In 1 Corinthians chapter 15, Paul speaks first to those who call themselves Christians and do not believe in life after death, and then he speaks to those who deny that Jesus literally rose from the dead. It’s almost like this chapter could have been written for 31% and 25% of British Christians respectively.

The first point Paul makes is that the literal resurrection of Jesus from the dead is and has always been a central tenant of the gospel: the core of Christian belief, and it is only by believing this gospel that we are saved. (1 Corinthians 15:1-4)

The second point Paul makes is that not only was the death of Jesus foretold by the Scriptures, but so was his resurrection. (1 Corinthians 15:3-4)

The third point Paul makes is that there were hundreds of eye witnesses still alive at that time who could attest to having seen Jesus alive after his crucifixion. (1 Corinthians 15:5-8)

Then Paul goes on to say (Vs 12-15) that if there is no life after death, then all of the apostles and Christians were liars, because they told people that Jesus had risen from the dead and that they had seen him.
If they had lied about this, they either did it knowingly or unknowingly. If they did it knowingly, then they are intentionally conning people and they should therefore not be trusted. If they lied unknowingly, that means that they are delusional and should not be followed, because they are, to put it crassly: deranged.

Next, Paul says that if there is no life after death, then Christian faith is pointless, and they have just been wasting their time and believing in a fairy tale (Vs 17-18) – and ultimately there is no hope, and no good news. And if this is the case, that Christianity is just another form of moralism and empty rituals, then Christians are the greatest fools in the world. (Vs 19, 30-34)

If in Christ we have hope in this life only, we are of all people most to be pitied. (1 Corinthians 15:19)

But… if Christ is truly and literally risen from the dead, then that means that God has broken a hole in the pitiless walls of this broken world, and made a way for us to be saved! And Jesus is the first fruits of those who will be resurrected from death to everlasting life.
And the day is coming when the perishable puts on the imperishable, and the mortal puts on immortality, then shall come to pass the saying that is written:

“Death is swallowed up in victory.”
“O death, where is your victory?
O death, where is your sting?” (1 Corinthians 15:54-55)

And because that day is coming, we can have the confidence in whatever circumstances we may face in this life to be steadfast, immovable, always abounding in the work of the Lord, knowing that in the Lord your labor is not in vain. (1 Corinthians 15:58)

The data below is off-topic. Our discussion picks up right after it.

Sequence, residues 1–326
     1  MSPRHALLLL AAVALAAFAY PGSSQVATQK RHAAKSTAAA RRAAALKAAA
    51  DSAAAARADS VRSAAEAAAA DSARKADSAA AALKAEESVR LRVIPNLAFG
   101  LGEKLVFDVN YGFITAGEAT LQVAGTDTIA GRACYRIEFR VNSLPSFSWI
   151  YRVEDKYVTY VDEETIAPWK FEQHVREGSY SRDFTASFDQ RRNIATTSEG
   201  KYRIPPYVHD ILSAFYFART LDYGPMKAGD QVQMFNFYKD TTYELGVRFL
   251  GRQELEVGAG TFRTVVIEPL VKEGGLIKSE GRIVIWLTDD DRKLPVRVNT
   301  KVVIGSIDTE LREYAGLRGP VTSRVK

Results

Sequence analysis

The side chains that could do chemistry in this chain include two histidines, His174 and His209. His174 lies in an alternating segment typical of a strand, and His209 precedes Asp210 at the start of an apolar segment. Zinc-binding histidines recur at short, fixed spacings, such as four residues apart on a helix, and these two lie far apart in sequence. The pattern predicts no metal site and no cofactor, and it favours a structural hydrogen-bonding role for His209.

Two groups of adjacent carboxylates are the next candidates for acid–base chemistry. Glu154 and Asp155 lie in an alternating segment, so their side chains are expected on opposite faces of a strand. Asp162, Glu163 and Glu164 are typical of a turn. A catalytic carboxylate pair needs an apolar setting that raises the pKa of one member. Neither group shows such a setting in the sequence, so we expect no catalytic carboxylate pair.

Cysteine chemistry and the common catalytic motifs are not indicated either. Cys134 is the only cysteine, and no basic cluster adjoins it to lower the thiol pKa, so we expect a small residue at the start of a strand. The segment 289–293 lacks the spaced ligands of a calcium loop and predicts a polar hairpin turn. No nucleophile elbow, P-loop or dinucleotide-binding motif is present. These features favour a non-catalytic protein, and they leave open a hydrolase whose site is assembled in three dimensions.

The story of Jesus’ resurrection is an integral and indispensable part of the good news of the gospel: the core message of Christianity. The hope that we have as Christians is based on it. To deny it is to deny Christian belief and to try to change Christianity into a form of moralism full of empty rituals which encourages condescension towards God and towards other people of faith, but which leaves you as a person worthy to be most pitied because you are without hope in anything greater than yourself.

If however, you believe in God, then let me ask you the question Paul the Apostle asked the crowd at his own trial: Why is it thought incredible by any of you that God raises the dead? (Acts 26:8)

It would be incredible if you or I raised someone from the dead, but if God is God — the creator and sustainer of life — then such a thing is neither impossible nor even difficult for him.

May you be filled with true belief this Easter season, so that you may believe, and in believing have life! (John 20:31)

Christians Who Don’t Believe – Part 1

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What does it mean to be a Christian? Most people would say that it means that you are a follower of Jesus or that you believe a certain set of doctrines.

The BBC published an article this past Sunday about the beliefs of people in England regarding the resurrection of Jesus and life after death. The report corresponded with some comments I made this past Sunday about how there is a correlation between rising standards of living and a decrease in religious adherence in many societies of the world, and what some of the reasons for this are. You can listen to the audio of that message here.

Here are some of the statistics listed in the article:

  • 25% of people who call themselves Christians in Great Britain do not believe that Jesus resurrected from the dead.
  • Only 17% of the general public in Britain believe word-for-word the account of Jesus’ resurrection.
  • 10% of non-religious people in Britain believe that the Easter story is true.